Sunday, November 23, 2008

On the faithful, the cynical and the sceptical...

Responses to the election of Barack Obama.

The fact that George Bush is still the President of the United States hasn't stopped most political pundits and bloggers delivering their verdicts.

First the cynical, of which John Pilger is fairly representative:
"He says he wants to build up US military power; and he threatens to ignite a new war in Pakistan, killing yet more brown-skinned people."
Regular readers of Pilger's work will know he's strongly opposed to killing brown-skinned people - unless, of course, it's other brown-skinned people doing the killing. In these circumstances, he is often 'reluctantly' in favour. It's what we might have expected from someone who had so little positive to say about Nelson Mandela's role in the transition from apartheid - something he alludes to in the article linked above.

Beyond this, what more can one say? Pilger is the political equivalent of the Jehovah's Witness earnestly awaiting the apocalypse and to keep himself pure for that day, he makes sure he has no truck with the Methodists or the Baptists or the Episcopalians. But the parousia is delayed, leaving him and his ilk forlorn and embittered, preaching to an ever-shrinking choir of like-minded souls. Not insane, as some have dismissed him - just preaching a gospel that is too narrow to do justice to the human condition.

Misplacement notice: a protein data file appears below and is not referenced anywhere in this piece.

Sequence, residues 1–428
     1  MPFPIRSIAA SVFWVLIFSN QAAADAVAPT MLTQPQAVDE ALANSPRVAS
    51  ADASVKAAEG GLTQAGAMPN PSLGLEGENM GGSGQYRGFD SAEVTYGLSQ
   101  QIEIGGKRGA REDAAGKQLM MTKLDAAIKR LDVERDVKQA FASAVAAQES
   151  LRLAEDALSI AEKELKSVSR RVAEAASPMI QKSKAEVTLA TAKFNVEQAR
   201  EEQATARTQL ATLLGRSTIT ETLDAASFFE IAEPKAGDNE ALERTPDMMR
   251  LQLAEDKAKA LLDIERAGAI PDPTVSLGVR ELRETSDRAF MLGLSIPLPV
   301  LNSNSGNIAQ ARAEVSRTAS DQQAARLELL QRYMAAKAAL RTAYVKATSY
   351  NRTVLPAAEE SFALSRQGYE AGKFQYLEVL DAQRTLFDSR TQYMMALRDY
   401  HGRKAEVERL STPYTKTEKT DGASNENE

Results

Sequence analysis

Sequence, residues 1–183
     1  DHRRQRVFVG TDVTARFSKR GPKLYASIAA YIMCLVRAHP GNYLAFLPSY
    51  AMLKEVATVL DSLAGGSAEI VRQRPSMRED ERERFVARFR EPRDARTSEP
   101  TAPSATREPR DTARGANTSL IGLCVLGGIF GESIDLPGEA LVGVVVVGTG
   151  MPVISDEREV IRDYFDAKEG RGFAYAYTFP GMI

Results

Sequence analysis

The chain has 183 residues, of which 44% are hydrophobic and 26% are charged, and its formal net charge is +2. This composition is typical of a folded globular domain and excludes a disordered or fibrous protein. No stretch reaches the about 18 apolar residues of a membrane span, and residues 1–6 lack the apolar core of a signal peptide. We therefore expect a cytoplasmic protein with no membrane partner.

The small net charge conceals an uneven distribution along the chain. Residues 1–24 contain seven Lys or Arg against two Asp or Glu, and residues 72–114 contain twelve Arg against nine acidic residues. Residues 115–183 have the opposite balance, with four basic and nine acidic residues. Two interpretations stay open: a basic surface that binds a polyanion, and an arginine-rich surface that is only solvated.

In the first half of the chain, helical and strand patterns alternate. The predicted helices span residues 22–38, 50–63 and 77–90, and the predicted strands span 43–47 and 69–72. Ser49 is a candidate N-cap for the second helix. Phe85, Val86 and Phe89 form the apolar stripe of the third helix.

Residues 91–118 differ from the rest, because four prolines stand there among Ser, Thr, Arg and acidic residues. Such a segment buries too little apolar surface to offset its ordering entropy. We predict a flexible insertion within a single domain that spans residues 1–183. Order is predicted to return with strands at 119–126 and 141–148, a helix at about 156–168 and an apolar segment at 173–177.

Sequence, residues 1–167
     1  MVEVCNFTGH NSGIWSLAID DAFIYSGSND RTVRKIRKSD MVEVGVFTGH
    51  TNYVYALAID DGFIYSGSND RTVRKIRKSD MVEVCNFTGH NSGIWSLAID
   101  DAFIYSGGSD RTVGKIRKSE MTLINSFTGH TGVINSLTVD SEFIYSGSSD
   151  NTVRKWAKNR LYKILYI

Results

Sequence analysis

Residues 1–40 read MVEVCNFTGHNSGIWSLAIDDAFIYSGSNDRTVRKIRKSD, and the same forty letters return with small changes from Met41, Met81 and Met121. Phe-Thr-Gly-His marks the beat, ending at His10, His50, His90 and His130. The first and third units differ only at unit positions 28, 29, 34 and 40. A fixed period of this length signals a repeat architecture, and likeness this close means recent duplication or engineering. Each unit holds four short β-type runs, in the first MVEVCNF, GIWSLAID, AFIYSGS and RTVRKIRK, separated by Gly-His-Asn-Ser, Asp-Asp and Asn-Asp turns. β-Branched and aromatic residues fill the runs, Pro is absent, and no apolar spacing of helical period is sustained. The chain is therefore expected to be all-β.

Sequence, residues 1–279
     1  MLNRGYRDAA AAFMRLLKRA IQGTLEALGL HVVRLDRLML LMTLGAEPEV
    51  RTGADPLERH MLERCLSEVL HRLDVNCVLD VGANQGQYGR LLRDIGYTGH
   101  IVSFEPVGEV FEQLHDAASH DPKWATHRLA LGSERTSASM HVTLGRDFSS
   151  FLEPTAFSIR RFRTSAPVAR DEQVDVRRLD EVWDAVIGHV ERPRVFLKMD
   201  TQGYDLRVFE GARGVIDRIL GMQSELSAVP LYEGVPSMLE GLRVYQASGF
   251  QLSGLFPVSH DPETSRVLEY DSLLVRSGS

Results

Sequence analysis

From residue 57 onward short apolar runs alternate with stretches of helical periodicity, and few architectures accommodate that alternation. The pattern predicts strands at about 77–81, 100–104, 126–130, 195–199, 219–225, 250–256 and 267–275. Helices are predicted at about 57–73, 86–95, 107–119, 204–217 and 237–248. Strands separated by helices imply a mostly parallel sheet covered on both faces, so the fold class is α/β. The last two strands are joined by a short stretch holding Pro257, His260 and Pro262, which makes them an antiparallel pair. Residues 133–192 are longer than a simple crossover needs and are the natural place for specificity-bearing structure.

Having said this, I don't find much I can identify with in what the faithful are preaching. I don't find that those who are claiming that Obama will heal the world are exactly giving me much to hang my faith on. Don't get me wrong - Obama's victory, first over Clinton, then McCain was cool. Obama's cool. Everyone agrees. I don't know anyone who doesn't. I read that some people dissent but I don't really believe they exist. I certainly haven't met one. Goddamit all, even George Bush thinks Obama is cool. But when even that old curmudgeon Howard Jacobson starts getting dewy-eyed and imagines coolness necessarily translates into political substance, I start to get worried:
"His mind shines through him. We might be singing the virtues of democracy right now, but his are refined, educated looks. They are not available to everybody. An Ivy League university won't guarantee you a demeanour like Obama's – Bush went to Yale, don't forget – but you'd be hard-pressed to bear yourself that way without the assured enlightenment that education confers."
I had to laugh at this. My father was an academic - I grew up surrounded with the educated. Can Howard Jacobson really have lived this long without noticing the way the average academic shambles their way through life? Generally occupying some spot on the autistic spectrum, they can barely dress themselves - and doing practical shit like cooking or operating electric appliances usually presents something of a challenge. To this day, I don't understand how or why my father was allowed to have a driving license. Obama's deportment is a function of privilege - not just education. Nah - can we have a dose of (healthy, I trust) scepticism please? I'll give it a go. Here's a few reasons to be sceptical.

1) It should be taught in the kindergarten of American politics that Congress, in relation to the executive branch of government, is the hands-down winner of the most powerful legislature in the world competition. Yet this simple observation seems to have escaped the "Obama will wipe every tear away from their eyes" fraternity in the MSM. This is not to say that we don't get the 'coat-tails' authority that a President can have in Congress, which brings me to my second point...